Ranking of strain potential for development as a pink rot biological control agent Overall RPIEff, Kin values were calculated by averaging RPIEff and RPIKin values. Values ranged from 57.6 to 48.8 for strains 03WM13 and 13IL01, respectively (Table 6) but did not differ statistically (P≦0.05, FPLSD). Based on the ranking of the strains RPIEff, Kin values, strains Bacillus simplex 03WM13 and Pantoea agglomerans 10IL31 possess the best combination of efficacy and desirable liquid culture growth kinetics of the six strains studied.


In the present effort to isolate putative antagonists of pink rot, we recovered 279 isolates of bacteria and yeast from 13 of the most suppressive of 84 soil samples assayed. Ultimately, six isolates were selected based on their efficacy in reducing pink rot in storage. Interestingly, the top six antagonist strains in reducing new pink rot infection were recovered from only three different soil extracts, all of which reduced zoospore production by at least 85% (Tables 1, 2). Individual antagonists would need to be evaluated for their ability to reduce zoospore production before a link between mechanisms of reducing zoospore production and reducing zoospore infection success could be postulated. Compared with the control tubers inoculated with P. erythroseptica, the six bacterial strains reduced disease by 26%-33% and all six antagonists were similarly effective in reducing pink rot as shown by similar RPIEff values (Table 3). Efficacy of bacterial strains isolated in this study was better than that of biological control strain Enterobacter cloacae S11:T:07 (Schisler et al. 2009. ibid) when all strains were tested in the present study using fully grown culture broths that were diluted to the same extent. Though Schisler et al. (2009. ibid) investigated the effectiveness of S11:T:07 and nine other bacterial strains against pink rot (P. erythroseptica), this study is the first reported investigation designed to specifically isolate novel antagonists of pink rot.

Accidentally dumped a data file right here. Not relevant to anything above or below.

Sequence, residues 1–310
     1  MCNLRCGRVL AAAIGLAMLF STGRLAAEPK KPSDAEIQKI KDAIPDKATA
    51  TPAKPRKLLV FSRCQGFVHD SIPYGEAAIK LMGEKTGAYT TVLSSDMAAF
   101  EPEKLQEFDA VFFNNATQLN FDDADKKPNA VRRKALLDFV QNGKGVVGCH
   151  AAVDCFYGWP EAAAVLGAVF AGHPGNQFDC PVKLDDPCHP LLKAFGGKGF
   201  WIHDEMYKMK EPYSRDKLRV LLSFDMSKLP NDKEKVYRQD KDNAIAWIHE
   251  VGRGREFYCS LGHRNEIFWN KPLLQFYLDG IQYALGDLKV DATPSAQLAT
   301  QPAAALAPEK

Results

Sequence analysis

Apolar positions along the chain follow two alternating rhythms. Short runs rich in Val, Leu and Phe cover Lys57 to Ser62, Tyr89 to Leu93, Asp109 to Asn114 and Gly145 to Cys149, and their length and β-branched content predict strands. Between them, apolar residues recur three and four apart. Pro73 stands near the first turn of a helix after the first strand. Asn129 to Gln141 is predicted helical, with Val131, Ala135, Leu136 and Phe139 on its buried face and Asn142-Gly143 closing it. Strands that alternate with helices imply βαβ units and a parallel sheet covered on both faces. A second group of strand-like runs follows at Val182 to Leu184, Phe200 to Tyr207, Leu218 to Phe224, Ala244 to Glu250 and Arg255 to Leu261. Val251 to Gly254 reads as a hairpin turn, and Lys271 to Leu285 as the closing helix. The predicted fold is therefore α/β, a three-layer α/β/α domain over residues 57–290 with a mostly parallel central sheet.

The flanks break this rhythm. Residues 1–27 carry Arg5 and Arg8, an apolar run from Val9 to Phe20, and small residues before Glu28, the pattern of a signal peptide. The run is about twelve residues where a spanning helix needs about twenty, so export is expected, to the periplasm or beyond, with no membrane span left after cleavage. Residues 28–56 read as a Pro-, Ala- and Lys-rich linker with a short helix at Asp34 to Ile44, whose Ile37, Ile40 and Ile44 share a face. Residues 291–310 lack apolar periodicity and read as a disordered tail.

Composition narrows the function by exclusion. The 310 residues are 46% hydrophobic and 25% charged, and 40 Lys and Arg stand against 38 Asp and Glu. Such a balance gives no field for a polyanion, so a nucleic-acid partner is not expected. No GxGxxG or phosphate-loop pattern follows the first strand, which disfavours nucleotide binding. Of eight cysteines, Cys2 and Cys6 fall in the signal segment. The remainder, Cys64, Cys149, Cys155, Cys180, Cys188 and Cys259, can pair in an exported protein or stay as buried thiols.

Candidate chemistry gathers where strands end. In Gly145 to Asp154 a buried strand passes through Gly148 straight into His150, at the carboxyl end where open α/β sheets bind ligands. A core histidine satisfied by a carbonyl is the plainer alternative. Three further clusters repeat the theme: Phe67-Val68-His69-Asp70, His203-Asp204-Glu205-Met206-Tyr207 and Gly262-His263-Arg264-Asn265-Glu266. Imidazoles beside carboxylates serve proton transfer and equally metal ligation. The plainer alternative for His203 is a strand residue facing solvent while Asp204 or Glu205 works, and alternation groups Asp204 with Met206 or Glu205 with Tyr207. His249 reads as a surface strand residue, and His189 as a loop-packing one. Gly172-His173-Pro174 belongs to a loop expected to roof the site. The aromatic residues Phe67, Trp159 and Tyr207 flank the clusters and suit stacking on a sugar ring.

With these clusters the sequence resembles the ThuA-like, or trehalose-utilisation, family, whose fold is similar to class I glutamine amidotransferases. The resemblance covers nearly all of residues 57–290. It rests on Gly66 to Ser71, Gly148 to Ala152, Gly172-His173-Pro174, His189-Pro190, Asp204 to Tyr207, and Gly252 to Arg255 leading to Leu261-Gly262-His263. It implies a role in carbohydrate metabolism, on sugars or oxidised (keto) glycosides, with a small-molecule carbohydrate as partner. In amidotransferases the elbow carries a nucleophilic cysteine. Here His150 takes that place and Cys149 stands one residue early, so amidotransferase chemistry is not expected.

Three of six strains effective in reducing the size of lesions incited by P. erythroseptica were identified as Bacillus simplex (Table 2). These strains significantly reduced pink rot severity when tested at concentrations one order of magnitude lower than found in full strength culture broths (Table 3). Pantoea agglomerans strain 10IL31 also reduced the size of pink rot lesions (Table 3). Strains 13IL01 and 10IL21 (Pseudomonas lini and Pseudomonas koreensis respectively) scored the lowest RPI values for efficacy though 13IL01 still significantly reduced pink rot disease (Table 3).

As a next step in selecting promising biological control candidates, we evaluated the growth characteristics, in liquid culture, of the six putative antagonists. Since a rapidly achieved high yield of biomass with cost effective production is critical for the commercial success of a biological control agent, our selection of isolates was based on evaluating the ability of a strain to rapidly produce cells after inoculation (OD8), rapidly reach near maximum cell counts as demonstrated by cultures that quickly reached a stage of unbalanced growth with concomitant recover from oxygen depletion (DT), and produce high yields of biomass which was indicated by high CFU/ml (CFUmax) and biomass (DWmax) values in a representative liquid medium.